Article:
In the controversy surrounding murals in Burton-Conner, it seems that the undergraduates and the housemasters are separately debating two very different concerns: one is focusing on the applications of Title IX and the MIT Mind and Hand Book, and the other on the lack of effective communication.
In an interview with The Tech when they first became Burton-Conner’s housemasters, Anne E.C. McCants and her husband Bill McCants expressed that they viewed their role as “to advocate for students when they need an advocate, and to hold them accountable when they need to be held accountable.”
Regarding the murals on floors 1 and 3 of Burton side, the McCants have not faltered in that mission as housemasters. They are advocating on behalf of the people who felt uncomfortable viewing the murals, and they are holding the residents accountable for what is painted on their walls, even if those murals are left from an older generation. They have tried to clear up facts about the events that transpired, sending emails to students and letters to The Tech. Most of this correspondence has addressed Title IX, the MIT Mind and Hand Book, and their relevant applications to the mural situation — and that is what the housemasters see as the crux of the matter.
But that is not what students are upset about.
Instead, their primary concern is the ineffective communication from their housemasters about the situation, not disagreements about the applications of Title IX or the Mind and Hand Book.
While McCants did notify the students that some renovations would be occurring on Burton Third in particular, the scope of what those renovations became was not conveyed faithfully to the students in a timely fashion. Instead, upon returning to campus at the end of the summer, students were surprised by changes to their living space that occurred without adequate communication. Ironically, this has not been effectively communicated to McCants, who still believes the students are primarily upset about the application of Title IX and the Mind and Hand Book.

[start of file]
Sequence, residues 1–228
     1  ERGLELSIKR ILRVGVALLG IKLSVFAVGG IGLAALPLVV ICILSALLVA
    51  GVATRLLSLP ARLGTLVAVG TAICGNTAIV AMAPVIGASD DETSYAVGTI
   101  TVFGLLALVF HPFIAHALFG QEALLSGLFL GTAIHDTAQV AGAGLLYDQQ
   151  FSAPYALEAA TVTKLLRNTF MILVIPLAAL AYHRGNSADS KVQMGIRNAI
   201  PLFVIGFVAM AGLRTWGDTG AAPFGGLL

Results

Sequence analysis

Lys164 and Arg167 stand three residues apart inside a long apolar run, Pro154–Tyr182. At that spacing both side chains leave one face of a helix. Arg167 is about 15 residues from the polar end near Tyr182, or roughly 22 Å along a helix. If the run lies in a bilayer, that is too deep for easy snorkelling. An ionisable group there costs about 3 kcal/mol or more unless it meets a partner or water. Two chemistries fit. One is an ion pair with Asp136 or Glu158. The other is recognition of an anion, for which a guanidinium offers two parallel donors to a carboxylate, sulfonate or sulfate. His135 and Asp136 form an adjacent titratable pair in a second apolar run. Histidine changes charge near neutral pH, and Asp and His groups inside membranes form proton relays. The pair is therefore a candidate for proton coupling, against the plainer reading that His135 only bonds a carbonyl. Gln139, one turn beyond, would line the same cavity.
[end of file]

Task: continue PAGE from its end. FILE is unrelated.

Both the housemasters and the students must work harder to understand what the other side is truly advocating. Currently, the students are advocating for more open communication about the timeline of events and the decisions made — the housemasters are responding with the Title IX reasoning for the actions that they took. Neither party is responding to the other’s concerns in their limited conversations.
We hope that this editorial sheds some light on this particular situation, but the communication disparity is a lesson that should be taken to heart and actively applied in every discussion.
If groups are not fully cognizant of what is truly concerning to the other parties involved in a situation, it is impossible to communicate effectively and work towards a solution. After all, the problem has not been identified and agreed upon. Instead of jumping to accuse and defend, the next step going forward should be to understand what the concerns are.
Much of the controversy surrounding the Burton-Conner murals is not about laws or principles — there is actually general agreement on that front. The controversy is about the inadequate communication between the students and the housemasters. That is what truly needs to be addressed.